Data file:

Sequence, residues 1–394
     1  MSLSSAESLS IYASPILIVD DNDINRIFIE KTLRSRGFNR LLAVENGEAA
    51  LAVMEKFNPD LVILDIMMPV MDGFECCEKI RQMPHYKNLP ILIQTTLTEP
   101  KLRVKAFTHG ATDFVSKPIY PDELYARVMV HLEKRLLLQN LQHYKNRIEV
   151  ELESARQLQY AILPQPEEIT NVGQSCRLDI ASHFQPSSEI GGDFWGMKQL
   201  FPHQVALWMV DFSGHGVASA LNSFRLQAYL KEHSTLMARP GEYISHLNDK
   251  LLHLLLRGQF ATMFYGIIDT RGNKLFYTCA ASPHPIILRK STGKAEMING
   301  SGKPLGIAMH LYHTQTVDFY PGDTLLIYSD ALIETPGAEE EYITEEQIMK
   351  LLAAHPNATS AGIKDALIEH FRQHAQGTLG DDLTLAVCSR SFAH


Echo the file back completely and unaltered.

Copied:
Sequence, residues 1–394
     1  MSLSSAESLS IYASPILIVD DNDINRIFIE KTLRSRGFNR LLAVENGEAA
    51  LAVMEKFNPD LVILDIMMPV MDGFECCEKI RQMPHYKNLP ILIQTTLTEP
   101  KLRVKAFTHG ATDFVSKPIY PDELYARVMV HLEKRLLLQN LQHYKNRIEV
   151  ELESARQLQY AILPQPEEIT NVGQSCRLDI ASHFQPSSEI GGDFWGMKQL
   201  FPHQVALWMV DFSGHGVASA LNSFRLQAYL KEHSTLMARP GEYISHLNDK
   251  LLHLLLRGQF ATMFYGIIDT RGNKLFYTCA ASPHPIILRK STGKAEMING
   301  SGKPLGIAMH LYHTQTVDFY PGDTLLIYSD ALIETPGAEE EYITEEQIMK
   351  LLAAHPNATS AGIKDALIEH FRQHAQGTLG DDLTLAVCSR SFAH